Oct 5, 2011

Updated - Obama Flack on Voter Suppression: No, We Can't

Big government is pretty big when it halts your right to even vote.

Update: Ed Kilgore offers an excellent overview of Republican voter suppression. Civil rights; if we can't count on this administration to act on this, what can be count on?

In a signal the White House is for now backing away from challenging state voter suppression laws following revelations that President Obama (Berman) told a Philadelphia radio host last week he has "made sure that our Justice Department is taking a look at what’s being done across the country to ensure that people aren’t being denied access to the franchise."

A leading Democratic flack [Marshall] suggests today that federal recourse to the Republican efforts to suppress the vote is limited to a few high-hurdle challenges under the Voting Rights Act.
Just a crazy idea, but doesn't the 24th Amendment [which bars poll taxes] of the United Constitution frown upon poll taxes?

How about that big ole' 14th amendment?
To take Wisconsin as one example, as John Nichols writes, the Wisconsin Department of Transportation head directed DMV employees to:
refrain from actively informing the public about the ability to receive a free identification card for the purposes of voting. ...

In 1966 the U.S. Supreme Court used the equal protection clause of the 14th Amendment to rule that poll taxes were unconstitutional for state and local elections.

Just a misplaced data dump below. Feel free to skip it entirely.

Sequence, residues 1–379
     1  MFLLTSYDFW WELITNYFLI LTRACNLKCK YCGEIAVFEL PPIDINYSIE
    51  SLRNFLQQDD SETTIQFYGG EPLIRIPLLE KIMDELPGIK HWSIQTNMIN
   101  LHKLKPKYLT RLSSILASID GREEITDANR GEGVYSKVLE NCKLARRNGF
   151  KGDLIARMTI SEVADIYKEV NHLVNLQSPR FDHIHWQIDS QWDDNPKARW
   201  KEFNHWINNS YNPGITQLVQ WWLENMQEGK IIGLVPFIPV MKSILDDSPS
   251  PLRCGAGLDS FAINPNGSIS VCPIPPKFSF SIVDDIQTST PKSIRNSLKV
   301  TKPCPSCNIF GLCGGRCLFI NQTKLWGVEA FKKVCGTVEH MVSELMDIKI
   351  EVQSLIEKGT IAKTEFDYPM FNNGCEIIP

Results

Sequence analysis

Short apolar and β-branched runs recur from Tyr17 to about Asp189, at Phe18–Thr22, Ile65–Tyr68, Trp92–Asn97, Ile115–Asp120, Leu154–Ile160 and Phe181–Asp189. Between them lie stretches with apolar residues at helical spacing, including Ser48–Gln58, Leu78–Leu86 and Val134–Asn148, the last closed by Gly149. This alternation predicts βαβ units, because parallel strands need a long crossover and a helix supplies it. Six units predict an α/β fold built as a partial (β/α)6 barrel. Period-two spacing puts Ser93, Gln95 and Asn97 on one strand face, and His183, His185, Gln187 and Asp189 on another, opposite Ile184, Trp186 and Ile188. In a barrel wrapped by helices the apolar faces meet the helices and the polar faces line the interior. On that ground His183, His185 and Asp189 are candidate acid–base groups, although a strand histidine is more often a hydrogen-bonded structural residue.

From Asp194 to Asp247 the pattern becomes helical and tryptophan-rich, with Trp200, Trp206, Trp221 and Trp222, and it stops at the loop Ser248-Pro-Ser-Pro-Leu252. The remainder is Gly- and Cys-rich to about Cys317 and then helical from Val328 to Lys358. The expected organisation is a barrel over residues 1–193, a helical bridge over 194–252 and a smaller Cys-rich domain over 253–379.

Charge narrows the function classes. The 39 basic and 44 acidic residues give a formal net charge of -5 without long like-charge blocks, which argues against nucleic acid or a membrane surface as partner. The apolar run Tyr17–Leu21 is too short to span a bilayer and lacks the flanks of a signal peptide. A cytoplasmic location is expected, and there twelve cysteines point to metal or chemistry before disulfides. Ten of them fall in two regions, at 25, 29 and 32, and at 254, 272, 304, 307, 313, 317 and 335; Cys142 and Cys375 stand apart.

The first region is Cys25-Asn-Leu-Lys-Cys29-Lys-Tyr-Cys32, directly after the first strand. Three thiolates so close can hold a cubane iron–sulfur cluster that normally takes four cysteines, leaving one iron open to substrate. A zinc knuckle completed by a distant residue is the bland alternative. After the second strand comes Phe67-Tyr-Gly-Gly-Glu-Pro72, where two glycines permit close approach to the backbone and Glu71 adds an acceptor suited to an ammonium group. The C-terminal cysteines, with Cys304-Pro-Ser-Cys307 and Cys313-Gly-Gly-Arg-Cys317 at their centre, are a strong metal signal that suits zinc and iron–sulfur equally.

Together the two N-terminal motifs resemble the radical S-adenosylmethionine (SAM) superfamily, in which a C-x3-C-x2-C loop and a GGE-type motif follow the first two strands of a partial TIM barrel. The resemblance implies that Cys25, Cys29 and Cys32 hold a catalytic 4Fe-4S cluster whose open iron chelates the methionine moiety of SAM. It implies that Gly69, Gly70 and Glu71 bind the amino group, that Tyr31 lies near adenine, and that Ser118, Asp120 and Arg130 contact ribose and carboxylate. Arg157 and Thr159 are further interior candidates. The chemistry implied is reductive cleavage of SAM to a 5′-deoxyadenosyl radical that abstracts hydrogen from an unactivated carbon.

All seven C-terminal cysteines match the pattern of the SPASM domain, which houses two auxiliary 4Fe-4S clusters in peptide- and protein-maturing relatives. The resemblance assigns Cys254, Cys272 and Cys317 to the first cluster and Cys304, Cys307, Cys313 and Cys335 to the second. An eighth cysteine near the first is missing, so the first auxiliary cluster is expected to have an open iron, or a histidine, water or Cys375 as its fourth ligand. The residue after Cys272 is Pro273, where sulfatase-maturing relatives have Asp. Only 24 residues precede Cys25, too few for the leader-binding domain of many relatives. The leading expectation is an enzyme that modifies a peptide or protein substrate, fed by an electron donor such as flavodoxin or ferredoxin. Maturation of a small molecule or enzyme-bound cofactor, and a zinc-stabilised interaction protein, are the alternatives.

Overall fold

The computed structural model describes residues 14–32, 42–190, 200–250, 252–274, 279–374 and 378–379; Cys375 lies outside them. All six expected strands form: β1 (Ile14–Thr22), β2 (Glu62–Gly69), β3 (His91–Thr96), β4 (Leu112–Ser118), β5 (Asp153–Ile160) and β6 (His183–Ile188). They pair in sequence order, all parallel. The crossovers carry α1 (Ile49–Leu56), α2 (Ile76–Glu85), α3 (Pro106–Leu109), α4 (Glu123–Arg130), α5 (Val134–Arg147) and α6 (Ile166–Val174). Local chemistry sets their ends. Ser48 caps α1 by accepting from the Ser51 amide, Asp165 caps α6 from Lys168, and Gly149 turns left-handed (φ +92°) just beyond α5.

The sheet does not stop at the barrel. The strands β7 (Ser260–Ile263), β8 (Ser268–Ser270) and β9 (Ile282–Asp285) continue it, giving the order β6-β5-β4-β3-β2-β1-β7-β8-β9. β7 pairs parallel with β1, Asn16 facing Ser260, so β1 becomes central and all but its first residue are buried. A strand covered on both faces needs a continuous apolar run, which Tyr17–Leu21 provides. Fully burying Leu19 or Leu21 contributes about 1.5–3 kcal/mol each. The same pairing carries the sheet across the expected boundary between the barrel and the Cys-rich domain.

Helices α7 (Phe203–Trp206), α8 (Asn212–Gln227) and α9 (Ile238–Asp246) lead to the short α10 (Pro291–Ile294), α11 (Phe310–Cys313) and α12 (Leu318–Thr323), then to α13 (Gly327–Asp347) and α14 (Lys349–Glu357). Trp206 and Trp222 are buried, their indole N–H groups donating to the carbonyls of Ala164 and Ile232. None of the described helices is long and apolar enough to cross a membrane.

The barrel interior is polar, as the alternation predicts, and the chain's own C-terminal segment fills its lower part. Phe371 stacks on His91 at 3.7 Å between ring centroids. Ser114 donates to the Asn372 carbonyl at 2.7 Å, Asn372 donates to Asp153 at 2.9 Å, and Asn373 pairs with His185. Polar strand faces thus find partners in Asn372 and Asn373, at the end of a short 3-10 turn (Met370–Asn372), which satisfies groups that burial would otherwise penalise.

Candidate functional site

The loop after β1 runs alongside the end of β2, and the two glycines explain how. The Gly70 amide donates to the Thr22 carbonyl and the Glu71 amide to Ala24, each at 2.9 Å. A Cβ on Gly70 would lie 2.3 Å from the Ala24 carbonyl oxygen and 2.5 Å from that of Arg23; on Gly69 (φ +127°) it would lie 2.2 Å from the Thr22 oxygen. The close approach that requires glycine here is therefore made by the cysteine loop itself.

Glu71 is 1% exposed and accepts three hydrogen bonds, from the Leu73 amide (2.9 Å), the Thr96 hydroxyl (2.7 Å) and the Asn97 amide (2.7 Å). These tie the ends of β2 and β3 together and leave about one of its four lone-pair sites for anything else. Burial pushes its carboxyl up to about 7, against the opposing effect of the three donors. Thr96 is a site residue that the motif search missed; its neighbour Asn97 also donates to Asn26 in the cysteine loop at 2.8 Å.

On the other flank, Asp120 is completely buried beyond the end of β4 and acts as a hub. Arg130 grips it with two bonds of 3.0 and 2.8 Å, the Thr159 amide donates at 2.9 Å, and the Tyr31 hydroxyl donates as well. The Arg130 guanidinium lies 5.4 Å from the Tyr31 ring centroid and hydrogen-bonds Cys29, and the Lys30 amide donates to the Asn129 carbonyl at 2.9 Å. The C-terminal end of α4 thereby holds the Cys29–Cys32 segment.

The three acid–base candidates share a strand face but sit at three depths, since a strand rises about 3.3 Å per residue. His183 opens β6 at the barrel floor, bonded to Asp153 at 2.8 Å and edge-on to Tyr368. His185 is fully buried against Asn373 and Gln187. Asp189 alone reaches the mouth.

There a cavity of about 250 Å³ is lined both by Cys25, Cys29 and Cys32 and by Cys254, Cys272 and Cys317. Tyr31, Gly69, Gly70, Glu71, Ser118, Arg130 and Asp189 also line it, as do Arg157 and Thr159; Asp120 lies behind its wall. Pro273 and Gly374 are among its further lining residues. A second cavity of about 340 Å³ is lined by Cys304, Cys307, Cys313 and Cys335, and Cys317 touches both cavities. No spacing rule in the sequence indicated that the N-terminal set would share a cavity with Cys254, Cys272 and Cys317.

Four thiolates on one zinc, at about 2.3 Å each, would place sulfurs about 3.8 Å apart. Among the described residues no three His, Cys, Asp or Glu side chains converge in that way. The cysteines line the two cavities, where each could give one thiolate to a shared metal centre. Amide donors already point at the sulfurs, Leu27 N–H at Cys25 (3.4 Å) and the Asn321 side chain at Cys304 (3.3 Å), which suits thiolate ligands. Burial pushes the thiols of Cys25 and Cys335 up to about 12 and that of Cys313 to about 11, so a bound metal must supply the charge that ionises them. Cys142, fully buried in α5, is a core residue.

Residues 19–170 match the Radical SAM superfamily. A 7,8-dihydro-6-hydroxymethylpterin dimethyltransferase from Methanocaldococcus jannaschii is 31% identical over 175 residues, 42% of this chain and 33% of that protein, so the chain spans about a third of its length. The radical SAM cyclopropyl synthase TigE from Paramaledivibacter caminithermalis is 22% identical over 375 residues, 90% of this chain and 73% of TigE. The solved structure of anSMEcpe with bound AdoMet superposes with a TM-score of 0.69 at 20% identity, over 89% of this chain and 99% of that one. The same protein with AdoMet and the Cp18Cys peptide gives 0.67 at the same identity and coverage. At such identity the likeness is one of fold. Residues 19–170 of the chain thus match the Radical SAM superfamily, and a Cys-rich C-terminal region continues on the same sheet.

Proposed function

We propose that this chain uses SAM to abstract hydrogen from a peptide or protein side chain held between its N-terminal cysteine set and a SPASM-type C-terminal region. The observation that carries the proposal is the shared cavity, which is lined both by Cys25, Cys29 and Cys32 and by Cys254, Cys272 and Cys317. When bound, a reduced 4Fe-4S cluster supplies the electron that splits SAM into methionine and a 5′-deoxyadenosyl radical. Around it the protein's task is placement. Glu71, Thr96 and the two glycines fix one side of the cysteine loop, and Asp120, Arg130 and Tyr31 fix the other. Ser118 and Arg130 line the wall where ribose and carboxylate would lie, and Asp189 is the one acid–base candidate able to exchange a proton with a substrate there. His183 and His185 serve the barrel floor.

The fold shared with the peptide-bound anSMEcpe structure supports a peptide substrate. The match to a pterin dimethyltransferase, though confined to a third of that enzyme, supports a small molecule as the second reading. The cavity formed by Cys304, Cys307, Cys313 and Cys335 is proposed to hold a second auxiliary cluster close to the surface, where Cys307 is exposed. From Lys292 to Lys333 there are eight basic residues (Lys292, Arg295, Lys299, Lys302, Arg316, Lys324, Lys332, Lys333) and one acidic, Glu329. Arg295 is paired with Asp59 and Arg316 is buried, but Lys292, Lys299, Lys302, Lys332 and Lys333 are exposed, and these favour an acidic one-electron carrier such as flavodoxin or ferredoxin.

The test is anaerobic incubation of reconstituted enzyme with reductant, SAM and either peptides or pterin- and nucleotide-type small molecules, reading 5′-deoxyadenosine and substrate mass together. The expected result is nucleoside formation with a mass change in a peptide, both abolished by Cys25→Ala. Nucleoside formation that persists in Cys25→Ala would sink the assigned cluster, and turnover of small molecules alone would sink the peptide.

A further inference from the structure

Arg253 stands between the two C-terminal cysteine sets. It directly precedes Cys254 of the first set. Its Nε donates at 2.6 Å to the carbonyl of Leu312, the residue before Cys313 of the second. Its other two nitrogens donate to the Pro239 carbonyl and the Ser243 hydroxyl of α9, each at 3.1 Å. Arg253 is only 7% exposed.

And a lot of people thought that poll taxes would be buried along with the rest of the “Jim Crow” restrictions.

That was not to be the case.

The poll tax argument has been renewed with the national push by secretive right-wing groups, such as the American Legislative Exchange Council, to pass voter suppression laws such as Wisconsin’s voter ID bill.
Apparently, Marshall and the Obama administration are afraid of protecting civil rights under the 14th and 24th Amendments, and wish to avoid a fight with the states' rights and voter suppression crowd, aka the White Power folks embodied in the Republican Party.

How about a concerted political response?

Times have changed for the Civil Rights Movement.

And a broad array of skeptics remain weary of President Obama again abandoning principle in favor of an ill-conceived retreat.

One hopes wiser heads prevail.

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